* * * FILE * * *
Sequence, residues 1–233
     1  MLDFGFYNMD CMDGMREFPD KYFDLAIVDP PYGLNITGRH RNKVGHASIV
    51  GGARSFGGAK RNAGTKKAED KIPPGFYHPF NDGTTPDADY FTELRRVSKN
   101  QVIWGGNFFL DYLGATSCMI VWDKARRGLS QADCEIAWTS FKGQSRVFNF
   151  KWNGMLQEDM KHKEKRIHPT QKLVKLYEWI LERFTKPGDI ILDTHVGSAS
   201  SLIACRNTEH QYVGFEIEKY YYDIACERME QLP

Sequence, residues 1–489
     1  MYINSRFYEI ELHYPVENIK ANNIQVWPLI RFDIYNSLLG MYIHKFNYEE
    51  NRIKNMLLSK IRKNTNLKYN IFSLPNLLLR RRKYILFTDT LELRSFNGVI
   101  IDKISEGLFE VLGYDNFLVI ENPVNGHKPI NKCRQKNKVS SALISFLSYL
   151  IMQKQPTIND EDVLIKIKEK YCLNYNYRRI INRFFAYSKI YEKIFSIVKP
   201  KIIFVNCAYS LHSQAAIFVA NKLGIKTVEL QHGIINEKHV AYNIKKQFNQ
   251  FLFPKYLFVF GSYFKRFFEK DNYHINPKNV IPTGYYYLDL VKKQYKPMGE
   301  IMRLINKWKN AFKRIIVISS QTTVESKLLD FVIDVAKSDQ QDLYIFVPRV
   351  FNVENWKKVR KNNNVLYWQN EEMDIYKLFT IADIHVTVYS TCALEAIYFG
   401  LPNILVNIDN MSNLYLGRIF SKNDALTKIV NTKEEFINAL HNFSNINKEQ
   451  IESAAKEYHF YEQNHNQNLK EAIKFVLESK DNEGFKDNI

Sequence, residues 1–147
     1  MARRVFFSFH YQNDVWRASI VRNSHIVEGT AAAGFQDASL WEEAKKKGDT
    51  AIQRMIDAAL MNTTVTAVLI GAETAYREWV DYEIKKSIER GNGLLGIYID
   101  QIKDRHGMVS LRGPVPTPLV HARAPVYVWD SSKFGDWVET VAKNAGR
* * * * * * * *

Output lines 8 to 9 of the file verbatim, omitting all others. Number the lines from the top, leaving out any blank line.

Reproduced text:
     1  MYINSRFYEI ELHYPVENIK ANNIQVWPLI RFDIYNSLLG MYIHKFNYEE
    51  NRIKNMLLSK IRKNTNLKYN IFSLPNLLLR RRKYILFTDT LELRSFNGVI